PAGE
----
CHICAGO – Like the awesome Engine Who Could, the mighty Nothing Without a Company stage crafters have constructed another triumph at their new home in Berger Mansion on Chicago’s north side. “The Kid Thing” – written by Sarah Gubbins – is a terse, convincing and emotional play about fear, identity and breeding, and it is performed by its cast of five with utter authenticity. The show has a Thursday-Sunday run at the Berger North Mansion through April 15th, 2017. Click here for more details, including ticket information.
Gus Van Sant’s ‘Promised Land’ Breaks Promise to Audiences
CHICAGO – When a Gus Van Sant picture works well, it can be as rousing as “Milk” or as thrillingly experimental as “Elephant.” Few filmmakers have straddled the mainstream and independent realms with such success (Steven Soderbergh would be another). But when a Van Sant film fails, it often fails spectacularly, as proven by “Even Cowgirls Get the Blues” and that notoriously pointless “Psycho” remake.
“Promised Land” is far from Van Sant’s worse film, but it’s certainly his blandest since “Finding Forrester.” By tackling the immensely topical issue of fracking, the film promises to stage provocative verbal altercations between an energy company salesman, Steve Butler (Matt Damon), and an environmental activist, Dustin (John Krasinski). At least that’s what the trailers suggest, but the script co-authored by Damon and Krasinski (based on a story by Dave Eggers) turns out to be a groan-inducing bait-and-switch.
Readers can be reassured that this review is spoiler-free, essentially since the film spoils itself. Instead of exploring the moral complexity of both rivals, it paints their personalities in the broadest of strokes. Butler is basically a decent guy who believes he’s helping the very people he’s hurting, while Dustin is a stereotypical villain whose every move is designed to get under Butler’s skin. Krasinski has had an engaging screen presence in past films, most notably in Eggers’ “Away We Go,” but this role draws solely on the actor’s reservoirs of smug self-satisfaction. He is hatable from the get-go, and that makes his interplay with Butler less interesting. Damon has some strong scenes in which his character can’t manage to hide his mounting exasperation at the easily swayed inhabitants of the latest rural community in his crosshairs. His calculated wardrobe of small town outfits covered in dangling price tags is laughably artificial, but Damon makes Butler’s innate compassion for farming communities ring true. When he pitches his plan to buy a town’s drilling rights, he appears to be convincing himself as much as the citizens. It’s a good performance, but Damon’s own script lets him down. It lacks the wit and arresting eloquence that made “Good Will Hunting” so memorable.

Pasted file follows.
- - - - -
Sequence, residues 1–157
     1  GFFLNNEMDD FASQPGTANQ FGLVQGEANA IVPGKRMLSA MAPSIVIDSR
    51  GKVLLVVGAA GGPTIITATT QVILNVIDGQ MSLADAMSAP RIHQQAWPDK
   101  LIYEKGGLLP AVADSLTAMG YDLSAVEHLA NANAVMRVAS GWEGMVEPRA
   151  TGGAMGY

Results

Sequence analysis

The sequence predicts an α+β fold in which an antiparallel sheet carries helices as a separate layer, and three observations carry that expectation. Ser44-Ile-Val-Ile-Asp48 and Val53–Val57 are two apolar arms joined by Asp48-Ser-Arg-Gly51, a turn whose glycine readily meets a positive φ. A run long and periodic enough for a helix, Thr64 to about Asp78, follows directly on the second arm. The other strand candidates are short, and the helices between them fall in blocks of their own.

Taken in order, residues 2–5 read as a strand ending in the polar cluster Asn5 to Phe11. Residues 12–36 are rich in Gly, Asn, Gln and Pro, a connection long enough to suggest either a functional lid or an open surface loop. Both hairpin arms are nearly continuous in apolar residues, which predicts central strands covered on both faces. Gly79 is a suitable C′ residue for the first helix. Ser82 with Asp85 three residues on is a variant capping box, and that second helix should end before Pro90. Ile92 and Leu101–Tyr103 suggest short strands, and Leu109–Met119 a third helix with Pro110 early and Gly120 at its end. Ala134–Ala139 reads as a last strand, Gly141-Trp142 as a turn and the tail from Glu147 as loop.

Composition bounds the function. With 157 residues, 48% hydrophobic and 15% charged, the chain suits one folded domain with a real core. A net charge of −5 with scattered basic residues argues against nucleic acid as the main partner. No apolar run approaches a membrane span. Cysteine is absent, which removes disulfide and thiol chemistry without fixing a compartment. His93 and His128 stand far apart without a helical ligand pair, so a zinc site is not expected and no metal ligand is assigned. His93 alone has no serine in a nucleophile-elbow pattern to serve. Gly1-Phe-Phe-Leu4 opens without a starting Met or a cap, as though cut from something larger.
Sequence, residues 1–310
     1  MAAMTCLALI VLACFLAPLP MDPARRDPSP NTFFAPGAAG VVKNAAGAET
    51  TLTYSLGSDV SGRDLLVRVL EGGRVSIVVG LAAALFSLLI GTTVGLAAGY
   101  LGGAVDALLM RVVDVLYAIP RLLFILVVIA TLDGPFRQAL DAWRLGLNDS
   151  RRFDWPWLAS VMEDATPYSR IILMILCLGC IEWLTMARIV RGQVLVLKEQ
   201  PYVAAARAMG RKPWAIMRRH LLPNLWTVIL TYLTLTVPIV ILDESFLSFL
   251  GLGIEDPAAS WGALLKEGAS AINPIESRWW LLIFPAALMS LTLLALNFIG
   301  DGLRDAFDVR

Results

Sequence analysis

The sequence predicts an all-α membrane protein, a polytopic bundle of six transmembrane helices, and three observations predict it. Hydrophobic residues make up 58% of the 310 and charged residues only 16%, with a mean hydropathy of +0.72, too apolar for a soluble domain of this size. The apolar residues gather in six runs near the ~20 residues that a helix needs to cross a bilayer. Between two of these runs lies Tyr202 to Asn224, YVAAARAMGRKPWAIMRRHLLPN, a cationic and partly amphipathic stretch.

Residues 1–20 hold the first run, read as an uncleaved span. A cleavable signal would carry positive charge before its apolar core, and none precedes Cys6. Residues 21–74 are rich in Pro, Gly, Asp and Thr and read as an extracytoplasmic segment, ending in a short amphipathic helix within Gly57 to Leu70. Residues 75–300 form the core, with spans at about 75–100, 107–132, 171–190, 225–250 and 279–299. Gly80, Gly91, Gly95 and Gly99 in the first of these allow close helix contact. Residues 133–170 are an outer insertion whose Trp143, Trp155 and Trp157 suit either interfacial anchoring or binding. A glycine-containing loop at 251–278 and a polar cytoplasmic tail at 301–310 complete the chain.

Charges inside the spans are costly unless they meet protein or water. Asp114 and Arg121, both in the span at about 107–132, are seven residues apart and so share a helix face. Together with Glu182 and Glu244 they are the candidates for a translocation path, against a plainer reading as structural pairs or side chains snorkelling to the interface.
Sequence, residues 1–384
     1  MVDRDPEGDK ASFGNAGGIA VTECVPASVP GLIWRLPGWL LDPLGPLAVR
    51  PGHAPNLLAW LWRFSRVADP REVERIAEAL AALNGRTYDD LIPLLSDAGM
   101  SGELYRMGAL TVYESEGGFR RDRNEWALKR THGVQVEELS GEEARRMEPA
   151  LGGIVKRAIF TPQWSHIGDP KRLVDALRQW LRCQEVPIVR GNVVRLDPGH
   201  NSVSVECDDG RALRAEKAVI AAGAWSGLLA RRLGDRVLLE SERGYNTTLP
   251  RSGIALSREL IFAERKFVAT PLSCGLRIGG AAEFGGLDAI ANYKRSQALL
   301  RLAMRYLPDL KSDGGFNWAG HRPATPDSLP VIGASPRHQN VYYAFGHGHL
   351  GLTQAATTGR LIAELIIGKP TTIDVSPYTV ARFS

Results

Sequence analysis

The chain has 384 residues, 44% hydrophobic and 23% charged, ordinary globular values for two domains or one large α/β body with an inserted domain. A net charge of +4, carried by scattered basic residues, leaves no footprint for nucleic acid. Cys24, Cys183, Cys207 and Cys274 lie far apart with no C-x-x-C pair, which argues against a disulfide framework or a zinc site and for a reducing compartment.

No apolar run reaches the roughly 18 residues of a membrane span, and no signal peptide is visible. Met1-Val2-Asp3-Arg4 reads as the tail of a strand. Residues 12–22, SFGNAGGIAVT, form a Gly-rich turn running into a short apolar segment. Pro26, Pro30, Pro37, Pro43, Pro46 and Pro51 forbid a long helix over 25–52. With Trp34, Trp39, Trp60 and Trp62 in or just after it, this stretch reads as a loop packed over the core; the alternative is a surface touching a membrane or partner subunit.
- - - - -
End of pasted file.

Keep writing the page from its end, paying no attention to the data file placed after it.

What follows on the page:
Matt Damon stars in Gus Vant Sant’s Promised Land, a Focus Features release.
Photo credit: Scott Green
What would attract a filmmaker as adventurous as Van Sant to a script this timid? The final reel is so tidily uplifting that it leaves the audience with little to contemplate beyond the pitfalls of formulaic storytelling. Rosemarie DeWitt is one of the most gifted character actresses in the business, but her role here requires little more than a radiant sparkle to seduce the eyes of Butler and (in one of the film’s lamest twists) Dustin. Frances McDormand’s role as Sue, Butler’s partner-in-crime, is somewhat more substantial if equally thankless, as she takes part in mildly amusing banter with a vague air of flirtatiousness. Her Skype conversations with her distant son have little reason to be in the film, except to illustrate that McDormand is in fact a human being and not a one-note monster. But there’s little depth within these half-hearted stabs at character development. The sentimentality is laid on so thick that it sticks to the roof of viewers’ mouths.
At least “Promised Land” doesn’t condescend to its rural characters with the liberal venom that marred overtly broad satires such as “God Bless America” and the deplorable “Butter.” Yet its glib attempt at tackling an issue as vital and important as fracking is insulting in itself. Damon and Krasinski’s intention to make their film a conversation starter rather than a message movie is noble but dramatically inert. By avoiding the very questions it raises, the film emerges as a bipartisan letdown destined to satisfy very few.
Matt Damon and John Krasinski star in Gus Vant Sant’s Promised Land, a Focus Features release.
Photo credit: Scott Green
In an Oscar season overstuffed with prestigious projects, “Promised Land” deserves to get lost in the holiday shuffle. It’s ironic that one of the year’s biggest awards season contenders is “Argo,” directed by Damon’s longtime collaborator and Oscar-winning co-screenwriter, Ben Affleck. For a while, it appeared as if Damon was the brains behind the “Hunting” script, but perhaps he was simply better at picking projects. He’s certainly the more accomplished actor of the two, but “Promised Land” suggests that Damon perhaps could learn a thing or two from Affleck about how to make a timely, edge-of-your-seat drama as crowd-pleasingly entertaining as it is naggingly troubling. If Van Sant and Damon really wanted to provoke audience’s minds, they shouldn’t have delivered an ending smothered in forced monologues and reassuring smiles.